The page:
This past weekend was super awesome. After several weekends abroad I finally got to be lazy. I didn't cook much and I didn't post on here. Instead I just enjoyed the good weather, had Tacodeli for breakfast, and napped every single day. We had a blast. It all started on Saturday with a brunch at Roni's parents' place. Her mom made a traditional Israeli breakfast dish, shakshuka (a secret recipe that I want to learn from her), hummus, and carrot salad. We also had a delicious Israeli chopped salad that Roni's sister made. I decided to contribute my own mom's specialty to the meal- eggplant spread à la Rodica. If you were wondering what Rodica means, it is just my mother's name.
This spread is special for several reasons: 1) it's my mother's recipe, 2) it got even Roni's mom to eat an eggplant dish even though she's not a big fan of eggplant, and 3) because it's my favorite spread from childhood.
It is very similar to baba ganoush, which is not surprising since Romanian cuisine has been greatly influenced by Ottoman cuisine. For almost 300 years Romania was under the rules of the Ottoman Empire and that's when eggplant, peppers and other nightshade fruits and vegetables made their way to Romanians' tables. Dishes like moussaka, eggplant stuffed with lamb meat, and zacusca are all based on eggplant and are very common in Romania. Of course, some recipes are a bit different from the traditional Ottoman ones but that's mostly due to the fact that some ingredients weren't available in Romania. People had to innovate by replacing those ingredients with whatever was easy to find. If baba ganoush uses tahini, my mother's eggplant spread uses homemade mayonnaise. I have never tried to make it with store bought mayo, and I recommend you not doing it either. It's just different and will taste nothing like Rodica's recipe.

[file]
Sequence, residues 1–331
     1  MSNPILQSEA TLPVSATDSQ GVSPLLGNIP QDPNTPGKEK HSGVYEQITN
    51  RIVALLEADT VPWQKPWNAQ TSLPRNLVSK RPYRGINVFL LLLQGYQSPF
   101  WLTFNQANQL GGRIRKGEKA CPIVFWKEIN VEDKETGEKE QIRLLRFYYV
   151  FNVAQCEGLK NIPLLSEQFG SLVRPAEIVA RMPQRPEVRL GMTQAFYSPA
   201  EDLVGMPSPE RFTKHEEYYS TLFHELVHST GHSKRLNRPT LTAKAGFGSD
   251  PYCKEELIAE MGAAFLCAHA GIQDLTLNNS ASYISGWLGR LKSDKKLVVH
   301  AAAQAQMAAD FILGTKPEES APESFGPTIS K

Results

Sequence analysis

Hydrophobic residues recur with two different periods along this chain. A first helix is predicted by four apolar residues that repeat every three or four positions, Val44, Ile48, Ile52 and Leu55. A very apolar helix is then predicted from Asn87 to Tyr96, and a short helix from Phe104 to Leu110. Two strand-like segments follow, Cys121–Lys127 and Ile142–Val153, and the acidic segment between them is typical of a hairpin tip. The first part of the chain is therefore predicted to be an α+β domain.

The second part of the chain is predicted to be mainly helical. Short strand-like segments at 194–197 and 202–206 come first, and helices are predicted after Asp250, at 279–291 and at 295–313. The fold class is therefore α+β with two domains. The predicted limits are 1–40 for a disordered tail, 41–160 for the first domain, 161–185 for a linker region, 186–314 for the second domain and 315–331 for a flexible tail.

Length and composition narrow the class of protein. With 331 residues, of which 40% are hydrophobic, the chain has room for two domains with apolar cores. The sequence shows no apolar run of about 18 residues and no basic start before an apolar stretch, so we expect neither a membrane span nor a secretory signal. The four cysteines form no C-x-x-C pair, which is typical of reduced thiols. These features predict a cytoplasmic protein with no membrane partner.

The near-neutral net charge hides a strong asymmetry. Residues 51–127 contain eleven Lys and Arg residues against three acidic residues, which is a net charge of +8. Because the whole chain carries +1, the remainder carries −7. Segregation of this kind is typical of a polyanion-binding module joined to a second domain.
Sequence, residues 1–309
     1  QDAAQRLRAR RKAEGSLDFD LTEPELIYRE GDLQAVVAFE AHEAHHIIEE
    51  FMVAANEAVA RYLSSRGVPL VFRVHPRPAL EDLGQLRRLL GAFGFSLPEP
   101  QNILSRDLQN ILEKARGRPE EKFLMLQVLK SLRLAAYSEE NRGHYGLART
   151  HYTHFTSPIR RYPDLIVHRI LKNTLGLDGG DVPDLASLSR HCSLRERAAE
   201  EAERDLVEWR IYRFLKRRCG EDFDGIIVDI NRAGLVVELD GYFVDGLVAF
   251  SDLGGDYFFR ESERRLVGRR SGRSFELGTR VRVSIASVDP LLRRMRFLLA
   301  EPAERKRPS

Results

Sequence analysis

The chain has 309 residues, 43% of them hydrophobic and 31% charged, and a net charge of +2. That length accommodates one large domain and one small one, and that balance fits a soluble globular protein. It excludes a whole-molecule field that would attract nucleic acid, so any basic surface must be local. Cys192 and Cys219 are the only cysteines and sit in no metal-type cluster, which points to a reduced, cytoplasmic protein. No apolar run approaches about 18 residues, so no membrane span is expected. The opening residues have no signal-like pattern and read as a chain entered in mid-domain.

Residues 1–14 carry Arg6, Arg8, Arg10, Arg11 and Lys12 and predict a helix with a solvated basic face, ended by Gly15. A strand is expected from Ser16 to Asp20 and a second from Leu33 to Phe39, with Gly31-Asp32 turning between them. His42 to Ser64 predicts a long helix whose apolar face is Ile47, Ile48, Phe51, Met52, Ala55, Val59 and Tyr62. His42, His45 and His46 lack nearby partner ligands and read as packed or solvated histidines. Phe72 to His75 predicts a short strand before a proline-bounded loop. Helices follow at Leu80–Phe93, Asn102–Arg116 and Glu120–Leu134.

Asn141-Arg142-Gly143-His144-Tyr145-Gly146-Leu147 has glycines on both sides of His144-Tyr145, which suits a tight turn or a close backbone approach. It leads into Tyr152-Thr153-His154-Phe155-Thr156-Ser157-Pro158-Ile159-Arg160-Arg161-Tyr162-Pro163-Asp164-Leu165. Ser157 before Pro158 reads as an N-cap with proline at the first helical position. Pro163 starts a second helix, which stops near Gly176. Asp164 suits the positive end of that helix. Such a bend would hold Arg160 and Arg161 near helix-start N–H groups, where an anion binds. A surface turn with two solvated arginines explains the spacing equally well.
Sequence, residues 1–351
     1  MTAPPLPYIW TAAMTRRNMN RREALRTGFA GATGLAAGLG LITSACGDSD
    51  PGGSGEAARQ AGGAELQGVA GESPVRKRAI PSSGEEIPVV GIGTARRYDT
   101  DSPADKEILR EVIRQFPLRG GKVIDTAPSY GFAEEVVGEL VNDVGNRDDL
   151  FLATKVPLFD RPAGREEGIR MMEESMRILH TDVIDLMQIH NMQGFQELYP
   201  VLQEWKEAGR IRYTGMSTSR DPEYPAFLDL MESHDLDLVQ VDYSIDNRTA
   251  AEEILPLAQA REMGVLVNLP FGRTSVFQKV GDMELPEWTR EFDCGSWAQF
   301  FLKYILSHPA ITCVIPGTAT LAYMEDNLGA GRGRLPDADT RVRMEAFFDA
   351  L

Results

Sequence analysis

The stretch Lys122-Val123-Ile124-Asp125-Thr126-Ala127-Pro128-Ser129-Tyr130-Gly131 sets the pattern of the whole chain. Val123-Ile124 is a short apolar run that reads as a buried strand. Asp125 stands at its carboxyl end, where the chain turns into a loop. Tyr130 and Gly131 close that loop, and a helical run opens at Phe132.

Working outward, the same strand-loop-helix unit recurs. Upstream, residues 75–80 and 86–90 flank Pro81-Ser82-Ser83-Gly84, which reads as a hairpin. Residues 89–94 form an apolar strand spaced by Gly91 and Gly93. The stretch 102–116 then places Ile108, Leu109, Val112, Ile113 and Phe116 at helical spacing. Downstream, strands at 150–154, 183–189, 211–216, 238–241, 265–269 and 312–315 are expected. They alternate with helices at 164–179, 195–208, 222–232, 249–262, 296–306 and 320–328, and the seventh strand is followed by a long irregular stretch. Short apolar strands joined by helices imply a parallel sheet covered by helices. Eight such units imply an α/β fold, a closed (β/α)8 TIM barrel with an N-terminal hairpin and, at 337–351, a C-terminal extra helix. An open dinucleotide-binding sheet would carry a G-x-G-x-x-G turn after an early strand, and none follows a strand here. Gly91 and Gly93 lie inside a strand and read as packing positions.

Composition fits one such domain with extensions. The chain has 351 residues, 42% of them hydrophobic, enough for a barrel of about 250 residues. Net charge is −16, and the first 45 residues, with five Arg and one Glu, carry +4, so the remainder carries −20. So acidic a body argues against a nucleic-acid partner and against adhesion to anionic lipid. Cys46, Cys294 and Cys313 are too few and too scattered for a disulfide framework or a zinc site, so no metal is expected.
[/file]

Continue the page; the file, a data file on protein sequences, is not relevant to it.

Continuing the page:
This spread reminds me of hot summer days at my parents’ lake cabin at Mujdeni, Romania. It was beautiful and we loved spending time there. The scenery was gorgeous too as the whole lake is surrounded by hills and forests. Although the cabin had two stories, it wasn't very big. On the bottom floor we had the kitchen and living room with a big queen size bed. Usually my parents slept there. To get to the upper level you had to climb a ladder, so that was reserved for the kids. There were two smaller rooms upstairs with a twin bed in each. Normally you'd think that only my parents, my sister and I would sleep there, but sometimes we had cousins or family friends over for days. We slept on the floor on mattresses or in sleeping bags outside on the deck. It was so much fun and it never felt like the house was too small.
For outdoorsy kids like my cousins and I it was heaven on earth. We got to spend all day outside, swimming, sunbathing, playing soccer, badminton, volleyball or fishing. The adults loved it too. They would make the kids collect firewood from the forest so they could cook traditional dishes like Gulyás (goulash), Pörkölt (Hungarian stew) or Halászlé (a hot paprika based fish soup) all made in a bogrács, which is a traditional Hungarian enamel cauldron. Then they would grill all kinds of traditional Romanian meats (mititei, carnati de casa (homemade sausages) and slanina (bacon)) and veggies on a plow disc cooker simply called disc in Romanian. It was a feast and it always felt as if we were celebrating something.